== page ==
NOTE TO SELF: Never, ever, ever clean the house before Halloween. I’m thinking here specifically of the day before, though I may make it my policy not to clean at all in the calendar year leading up to October 31. Wednesday at 4:00 PM our house was immaculate. Just four short hours later, it was a wasteland of candy wrappers and discarded costume pieces, broken orange buckets littering the floor, little chocolate handprints accenting the couch and the walls. The kids have been sustaining life on candy for over 24 hours now, which means that getting them to do their usual chores is impossible. Unloading the dishwasher degenerates into duels with dinner forks, picking up toys from the living room floor turns into a particularly violent game of dodgeball (or, perhaps more accurately, dodgetoy). It is hard to believe that a house could go from “clean and tidy” to “may require the involvement of the Health and Sanitation Department” in such a short amount of time.
This was the first year that the kids got multiple fliers for local churches in their candy baskets. I’ve heard of this idea, which is usually thought of as “using Halloween to reach out to the unchurched masses.” But evidently all the people on our block are Christians involved with the outreach ministries of their congregations, so the result was that trick-or-treating on our street involved different churches swapping brochures with one another.
Aside from the complexities of actually getting there, I’m really looking forward to speaking at the Frassati Conference in Bremerton, WA on November 10. If you’re in the area, do join us! There are tons of great activities at the event itself, including a beautiful vigil Mass and an enrollment of the Angelic Warfare Confraternity. (If you’re not familiar with the Angelic Warfare Confraternity, check out this FAQ here. I wasn’t familiar with it, but it’s really interesting!)
Joe was telling me about all the exciting camping opportunities up in Washington and Oregon, which is sort of like telling a slug about all the exciting swimming opportunities in the Great Salt Lake. I stared ahead and nodded politely while Joe brainstormed how we could find ways to sleep outside in the cold rain during this trip, hoping he realized that these were 30 seconds of his life that he could never get back. But then something occurred to me: My only frame of reference for camping is Texas. Could it be that there are places where you can walk through the brush without your ankles bleeding from the thorns, where you don’t have to spend hours picking off burrs and ticks afterward? Could camping possibly involve not being soaked in sweat 24 hours of every day that you are out? Could you stand in one place for more than ten seconds without being covered in fire ants? Could you sleep without worrying about scorpions and RATTLESNAKES SLITHERING INTO YOUR SLEEPING BAG IN THE MIDDLE OF THE NIGHT???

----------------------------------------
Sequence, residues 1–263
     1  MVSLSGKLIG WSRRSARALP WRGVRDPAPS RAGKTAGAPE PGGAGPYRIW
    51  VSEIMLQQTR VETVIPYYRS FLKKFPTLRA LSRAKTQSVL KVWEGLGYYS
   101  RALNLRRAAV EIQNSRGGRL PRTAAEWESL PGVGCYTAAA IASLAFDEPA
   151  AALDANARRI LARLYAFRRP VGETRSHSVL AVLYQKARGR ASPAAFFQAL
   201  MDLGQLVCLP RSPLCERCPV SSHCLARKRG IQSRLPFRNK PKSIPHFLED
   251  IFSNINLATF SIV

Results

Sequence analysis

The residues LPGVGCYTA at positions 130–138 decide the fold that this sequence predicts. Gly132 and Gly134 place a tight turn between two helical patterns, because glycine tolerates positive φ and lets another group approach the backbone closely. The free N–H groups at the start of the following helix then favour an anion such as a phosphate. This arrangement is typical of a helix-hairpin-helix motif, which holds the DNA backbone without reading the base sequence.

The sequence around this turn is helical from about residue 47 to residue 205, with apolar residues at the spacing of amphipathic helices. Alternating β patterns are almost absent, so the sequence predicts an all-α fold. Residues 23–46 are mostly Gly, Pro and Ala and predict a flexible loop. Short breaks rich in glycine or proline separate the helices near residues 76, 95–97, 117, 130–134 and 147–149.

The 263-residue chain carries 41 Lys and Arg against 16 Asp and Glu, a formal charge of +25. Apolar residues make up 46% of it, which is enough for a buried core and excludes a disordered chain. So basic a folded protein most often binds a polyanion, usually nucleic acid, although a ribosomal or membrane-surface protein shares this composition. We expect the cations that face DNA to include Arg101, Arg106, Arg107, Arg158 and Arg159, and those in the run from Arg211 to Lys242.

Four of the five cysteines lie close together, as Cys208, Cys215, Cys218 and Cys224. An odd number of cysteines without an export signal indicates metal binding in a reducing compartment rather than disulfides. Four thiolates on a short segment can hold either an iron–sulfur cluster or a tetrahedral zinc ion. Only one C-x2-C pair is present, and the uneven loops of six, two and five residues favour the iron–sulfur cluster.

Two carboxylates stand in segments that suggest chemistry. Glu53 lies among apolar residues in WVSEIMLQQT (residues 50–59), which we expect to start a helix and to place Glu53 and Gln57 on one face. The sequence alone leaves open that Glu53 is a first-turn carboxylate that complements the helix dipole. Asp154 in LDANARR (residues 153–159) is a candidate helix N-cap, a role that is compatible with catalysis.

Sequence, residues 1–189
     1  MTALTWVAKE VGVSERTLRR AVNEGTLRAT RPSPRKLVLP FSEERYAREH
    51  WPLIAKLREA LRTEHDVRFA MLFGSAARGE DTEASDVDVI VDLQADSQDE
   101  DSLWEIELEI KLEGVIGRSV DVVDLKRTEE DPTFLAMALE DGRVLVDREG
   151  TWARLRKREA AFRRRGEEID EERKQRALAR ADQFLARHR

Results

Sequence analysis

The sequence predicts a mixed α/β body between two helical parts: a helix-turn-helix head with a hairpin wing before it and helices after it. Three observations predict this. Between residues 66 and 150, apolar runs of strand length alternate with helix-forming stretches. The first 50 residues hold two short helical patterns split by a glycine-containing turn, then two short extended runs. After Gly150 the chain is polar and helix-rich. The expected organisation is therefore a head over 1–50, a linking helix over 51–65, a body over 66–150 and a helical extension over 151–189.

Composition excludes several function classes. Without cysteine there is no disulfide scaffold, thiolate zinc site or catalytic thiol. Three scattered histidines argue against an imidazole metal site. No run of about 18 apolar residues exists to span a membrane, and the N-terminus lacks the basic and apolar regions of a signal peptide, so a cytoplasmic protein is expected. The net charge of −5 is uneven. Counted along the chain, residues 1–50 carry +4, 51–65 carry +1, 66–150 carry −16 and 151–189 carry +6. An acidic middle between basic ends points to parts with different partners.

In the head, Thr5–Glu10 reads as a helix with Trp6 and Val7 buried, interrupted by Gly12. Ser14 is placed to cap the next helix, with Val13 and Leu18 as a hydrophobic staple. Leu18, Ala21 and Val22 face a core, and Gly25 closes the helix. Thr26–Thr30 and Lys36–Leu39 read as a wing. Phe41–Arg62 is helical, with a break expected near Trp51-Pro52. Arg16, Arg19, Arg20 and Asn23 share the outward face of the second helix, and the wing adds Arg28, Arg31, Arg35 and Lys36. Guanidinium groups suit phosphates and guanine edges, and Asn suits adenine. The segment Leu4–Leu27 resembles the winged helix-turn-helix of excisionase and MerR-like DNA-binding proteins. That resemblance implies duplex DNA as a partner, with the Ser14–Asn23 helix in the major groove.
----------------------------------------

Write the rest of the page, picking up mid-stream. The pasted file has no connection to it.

I dunno. I still need a really compelling reason to take a vacation from indoor plumbing. But I can sort of see how Pacific Northwest camping might have a more compelling ratio of misery to payoff.
While we’re on a roll, let’s talk about another thing that I don’t get but everyone else totally gets: organized exercise. Joe considered spontaneously entering a half Iron Man the other day, which tells you pretty much everything you need to know about his personality. When he realized we couldn’t fit it into the schedule, I suggested that he do the same distances around here and said it would be the exact same thing, which tells you pretty much everything you need to know about my personality. I’ve gotten to the point that I can see the advantages of occasional physical movement, but I still can’t imagine doing it in a group context, or on someone else’s schedule.
Joe and I ended up in one of those absurd conversations where we couldn’t have been missing each other any more if we’d been speaking different languages. I kept trying to pinpoint what, exactly, the advantage is of participating in a race. “If you want to know how you rank, you could time yourself and compare it to the published rankings of the suckaz who got up at 4 AM to do the official half Iron Man!” I suggested. He just sort of nodded his head in pity at his wife who is never going to know the awesomeness of group exercise.
So I finally picked up my Lovenox prescription at the pharmacy. The details of our byzantine insurance policy change all the time, so each pregnancy when I go to pick up my first box of shots, I stand in line at the pharmacy like a contestant on Press Your Luck. As the pharmacy tech types in my info I shout, “NO WHAMMIES! NO WHAMMIES! NO WHAMMIES!”…and then I either start dancing a jig or shaking my fist at the heavens depending on what the cash register rings up. It’s just like this:
This time I got a whammy: $1,300 for a one-month supply of the generic brand. But on the bright side, it would be $2,400 if I didn’t have insurance! (And yes, I am looking into various options for mitigating the expense. Over the years I’ve learned to get creative.) The other day I saw the baby toddling around with one of my needles, and I completely flipped out as I dashed over to get it back. Yaya saw the incident and pointed out that I probably didn’t need to worry since it had a safety cap on it. I said, “Heck, I wasn’t worried about that! That thing cost me 45 bucks!”
I know I’m a couple of days late on this, but as I sit here in my candy-wrapper-covered living room, feeling mildly ill from that third handful of Skittles I had for breakfast, I can’t not post this video of Henri the Existential Cat ruminating on Halloween: